It is possible, but presently remains only speculation, that James Fenwick might have been the friend of James Reid from Newcastle who visited London and met Charles Keene. In 1876 Keene wrote, “I heard a beautiful player once in London, a friend of old R__’s from Newcastle, but forget his name. He spoke of several gentleman pupils he had – a short neatly-dressed jolly looking little man; I fancy I heard he was a shoemaker.”
Apart from the shoemaker reference (about which Keene seems unsure) the description might fit James. As a tailor he might be expected to have dressed neatly, and the material in his collection strongly suggests that he was preparing carefully structured tutorial material by the 1870s, which implies that he may have had pupils. The effort and cost involved in producing printed tuition material suggests structured and repeatable teaching provided for more than one student.
In October 1883 the Newcastle Courant published a letter from James seeking any information about the piper and musician John Peacock, who had written the book of pipe tunes published by William Wright in Newcastle in c.1800. This suggests that James was actively working on the historical context of his manuscript collection; some of the music provided in copies made by Cornelius Stanton seem to draw upon an early but so far unidentified source of Peacock’s music.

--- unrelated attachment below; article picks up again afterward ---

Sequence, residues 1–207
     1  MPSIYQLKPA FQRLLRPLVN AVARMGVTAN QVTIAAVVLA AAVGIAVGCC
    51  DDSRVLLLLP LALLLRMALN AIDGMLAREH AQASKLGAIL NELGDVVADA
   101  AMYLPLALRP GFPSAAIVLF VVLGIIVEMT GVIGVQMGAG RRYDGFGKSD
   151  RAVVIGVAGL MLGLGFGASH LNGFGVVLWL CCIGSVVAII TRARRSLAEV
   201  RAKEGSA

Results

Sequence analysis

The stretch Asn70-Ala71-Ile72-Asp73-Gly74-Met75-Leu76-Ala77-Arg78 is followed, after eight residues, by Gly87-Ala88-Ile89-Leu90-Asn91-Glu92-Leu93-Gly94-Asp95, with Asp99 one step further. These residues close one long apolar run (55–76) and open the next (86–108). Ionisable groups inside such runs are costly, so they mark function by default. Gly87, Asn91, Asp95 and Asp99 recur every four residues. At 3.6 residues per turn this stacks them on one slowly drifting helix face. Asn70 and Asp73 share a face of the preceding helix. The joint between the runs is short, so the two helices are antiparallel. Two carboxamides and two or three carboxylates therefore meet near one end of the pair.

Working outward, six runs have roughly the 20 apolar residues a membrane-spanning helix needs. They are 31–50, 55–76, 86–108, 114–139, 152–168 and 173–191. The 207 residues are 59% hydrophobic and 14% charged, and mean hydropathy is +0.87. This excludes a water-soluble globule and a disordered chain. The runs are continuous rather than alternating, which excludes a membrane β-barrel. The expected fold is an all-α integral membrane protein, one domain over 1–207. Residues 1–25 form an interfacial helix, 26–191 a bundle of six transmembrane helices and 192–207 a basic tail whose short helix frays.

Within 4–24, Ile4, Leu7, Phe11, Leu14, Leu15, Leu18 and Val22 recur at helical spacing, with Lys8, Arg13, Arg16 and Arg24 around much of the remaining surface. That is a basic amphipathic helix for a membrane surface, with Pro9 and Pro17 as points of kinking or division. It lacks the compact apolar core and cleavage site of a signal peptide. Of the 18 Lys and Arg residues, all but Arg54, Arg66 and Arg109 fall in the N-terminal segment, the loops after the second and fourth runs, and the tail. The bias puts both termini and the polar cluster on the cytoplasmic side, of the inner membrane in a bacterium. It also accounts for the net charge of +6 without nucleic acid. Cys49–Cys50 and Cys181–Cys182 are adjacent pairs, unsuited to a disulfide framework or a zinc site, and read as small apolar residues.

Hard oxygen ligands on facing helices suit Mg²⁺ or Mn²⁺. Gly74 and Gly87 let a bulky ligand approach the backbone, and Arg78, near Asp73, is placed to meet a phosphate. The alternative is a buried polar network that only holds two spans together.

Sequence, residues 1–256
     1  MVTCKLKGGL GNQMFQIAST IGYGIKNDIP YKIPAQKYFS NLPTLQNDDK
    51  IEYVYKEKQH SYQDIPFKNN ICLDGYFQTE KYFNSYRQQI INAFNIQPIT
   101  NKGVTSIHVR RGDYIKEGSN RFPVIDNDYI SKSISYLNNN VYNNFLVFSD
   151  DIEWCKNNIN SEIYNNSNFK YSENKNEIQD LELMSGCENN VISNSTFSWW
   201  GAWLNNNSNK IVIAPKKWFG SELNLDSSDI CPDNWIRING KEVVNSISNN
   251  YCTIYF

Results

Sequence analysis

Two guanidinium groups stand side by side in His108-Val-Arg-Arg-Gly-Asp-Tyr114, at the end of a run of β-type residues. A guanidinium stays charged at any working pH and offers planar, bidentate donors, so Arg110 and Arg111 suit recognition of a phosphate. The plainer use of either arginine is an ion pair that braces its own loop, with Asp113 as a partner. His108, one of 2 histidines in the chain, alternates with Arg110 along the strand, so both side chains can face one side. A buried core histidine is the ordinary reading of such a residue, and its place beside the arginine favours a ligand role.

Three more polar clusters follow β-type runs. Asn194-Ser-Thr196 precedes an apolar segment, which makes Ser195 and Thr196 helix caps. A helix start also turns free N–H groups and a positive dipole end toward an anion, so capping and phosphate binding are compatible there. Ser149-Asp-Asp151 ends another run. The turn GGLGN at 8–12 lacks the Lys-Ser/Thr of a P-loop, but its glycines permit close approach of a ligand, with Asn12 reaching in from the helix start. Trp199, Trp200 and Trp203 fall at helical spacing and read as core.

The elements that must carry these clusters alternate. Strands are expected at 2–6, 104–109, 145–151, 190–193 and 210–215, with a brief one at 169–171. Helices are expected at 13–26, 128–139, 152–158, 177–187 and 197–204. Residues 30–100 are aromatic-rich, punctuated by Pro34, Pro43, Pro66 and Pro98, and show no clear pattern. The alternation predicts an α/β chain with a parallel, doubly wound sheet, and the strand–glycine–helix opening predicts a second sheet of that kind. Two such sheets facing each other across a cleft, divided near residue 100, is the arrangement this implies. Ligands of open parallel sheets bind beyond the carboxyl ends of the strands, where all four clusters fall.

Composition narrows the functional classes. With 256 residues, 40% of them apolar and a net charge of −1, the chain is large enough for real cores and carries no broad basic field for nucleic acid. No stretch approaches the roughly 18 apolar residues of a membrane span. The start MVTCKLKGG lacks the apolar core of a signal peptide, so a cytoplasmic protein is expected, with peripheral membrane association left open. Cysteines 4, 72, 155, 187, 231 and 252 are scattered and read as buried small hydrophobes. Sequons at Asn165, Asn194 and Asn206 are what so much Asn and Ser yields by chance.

James Fenwick died in 1907, after which his collection passed to Richard Welford, the Newcastle historian and antiquarian, and then in 1920 to C.O.P. Gibson of Bywell. It is likely that Welford acquired a collection of loose papers, and that it was he who had it bound into the book form in which it now exists, recognising it to be a very significant resource; it was described in the sale of books in 1920 as “unique”.
The piper and pipe-maker G. G. Armstrong of Stocksfield, probably in the second quarter of the 20thC, copied parts of the Fenwick collection into his own manuscript collection (now in the Morpeth Chantry Bagpipe Museum); this included Elizabeth Oliver‘s copy of the variations on the tune “Maggie Lauder” which she learned from her father Robert Reid. Armstrong specifies the source as “J. W. Fenwick’s collection of music”. This version was published in the Northumbrian Pipers’ Society Third Tune Book, in 2002.